PLEASE NOTE:   You're currently viewing a story posted in the legacy archive of eMercedesBenz. To view new stories and use commenting features, please use the navigation menu above.


Homeless Man Saves Driver Of Mercedes - And Gets Nothing
Posted on December 2, 2005 at 4:20 PM CST

Steel-Tipped Boots

If you're a regular reader of our site, you know that most of the stories we run take a humorous and oftentimes satirical approach to bringing you the latest Mercedes-Benz news and information.

This story does not.

While visiting the Trinidad and Tobago Express website today, I read an article that struck a chord with me.

The paper reported today about an incident in which a homeless man saved the life of Narendra Maharaj, after Maharaj's Mercedes plunged off a bridge and fell twenty feet into the waiting river below.

According to the article, the homeless man, who's name is Derrick Lee Pack, lived under the bridge and saw the accident take place. After running for help, Pack realized he didn't have time to wait for rescuers to arrive on the scene, so he waded out into the river, and with a piece of iron he had found nearby, pulled the driver to safety.

Here's an excerpt of the story taken from their site:

Lee Pack said he saw the accident happen.

"I was waking. I was sitting, talking to my woman when I hear the bang. I saw this car skating through the railing (of the bridge). It was in the air. It kept breaking up the iron (bars) until it stop. Then the car just fall off the bridge".

Lee Pack said before the car hit the water, he was already running to help.

"I seeing no response. I tell myself them people dead if they don't get out. So I decide to run by the NP Quik Shoppe to get help", Lee Pack said he met a paramedic who accompanied him back to the river.

"The fella (paramedic) was calling for the police and fire people. He tell me I have to do something because the driver still in the car, upside down".

By the light of a street lamp, Lee Pack said he waded into the river.

"I had a piece of iron. The driver was trying to come out. I tell him hold on the iron, because the gas was leaking and he was starting to panic."

Lee Pack said he was fearful that the car would sink before they could get out of the river.

"I had to leave my shoes in the mud but I end up pulling him to the bank. He was complaining he had a back pain. But I surprise he wasn't complaining he would dead instead."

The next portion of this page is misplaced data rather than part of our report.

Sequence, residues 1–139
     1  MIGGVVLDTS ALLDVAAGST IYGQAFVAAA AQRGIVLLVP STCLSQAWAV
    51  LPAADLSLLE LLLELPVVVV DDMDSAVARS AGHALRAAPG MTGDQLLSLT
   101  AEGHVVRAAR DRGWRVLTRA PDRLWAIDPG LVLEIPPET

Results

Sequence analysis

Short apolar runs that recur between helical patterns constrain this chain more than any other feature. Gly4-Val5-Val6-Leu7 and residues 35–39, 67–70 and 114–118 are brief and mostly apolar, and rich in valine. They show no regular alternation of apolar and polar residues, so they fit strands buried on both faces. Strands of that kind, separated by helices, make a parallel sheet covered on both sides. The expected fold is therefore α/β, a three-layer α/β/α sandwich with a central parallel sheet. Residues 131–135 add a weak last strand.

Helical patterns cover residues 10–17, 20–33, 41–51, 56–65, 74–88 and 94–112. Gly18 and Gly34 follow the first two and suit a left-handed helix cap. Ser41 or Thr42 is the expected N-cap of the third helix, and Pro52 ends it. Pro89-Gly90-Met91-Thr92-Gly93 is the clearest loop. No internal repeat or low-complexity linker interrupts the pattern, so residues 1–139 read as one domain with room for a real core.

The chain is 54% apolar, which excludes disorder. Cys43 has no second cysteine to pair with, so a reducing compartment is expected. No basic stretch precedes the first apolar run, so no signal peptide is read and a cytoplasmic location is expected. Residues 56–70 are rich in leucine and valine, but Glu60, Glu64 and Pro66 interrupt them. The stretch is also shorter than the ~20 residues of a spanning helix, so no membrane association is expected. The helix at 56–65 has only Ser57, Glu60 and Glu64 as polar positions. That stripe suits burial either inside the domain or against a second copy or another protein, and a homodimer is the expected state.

When I read the story, I felt compelled to to show respect to Derrick Lee Pack, who's act of bravery probably saved the driver's life.

What makes the article interesting to me, however, is the story of Pack.  Again, an excerpt taken from the story:

Lee Pack returned to his shack last night.

His home was lost in a fire two weeks ago. With no money, he and his wife have lived under the bridge during the day, spending nights in an abandoned freight container near the river.

They lost everything in the fire that destroyed the apartment they rented.

Lee Pack said the last thing of value he owned was his steel-tipped boots which were lost during the rescue.

How can I not feel sympathy for Pack?  Not only did he save someone's life, he lost the only thing he owned, which wasn't much.  Here's how the story ended:

A barefooted Lee Pack said he had to continue living near the bridge "because me and my lady get displaced. That fire burn up everything we had. I have no job and nobody to help. But we have life."

Most people might read the above statements and not care.  Unfortunately, I'm not one of those people.

That's why I'm going to do everything in my power to find our friend Derrick.  I might not have enough money to buy Derrick a new house, but I do have enough to buy him a new pair of steel-tipped boots.

I'll keep you posted.

[UPDATE:  We have now established a fund for Derrick Lee Pack and have started accepting donations.  If you'd like to learn how you can help, click here for more information.]

Excerpts copyright © Trinidad and Tobabo Express

Return To Previous Page...

About Us
Article Archives
Have A Story?
RSS Feeds
RSS 2.0 Articles

Copyright © 2010, All rights reserved.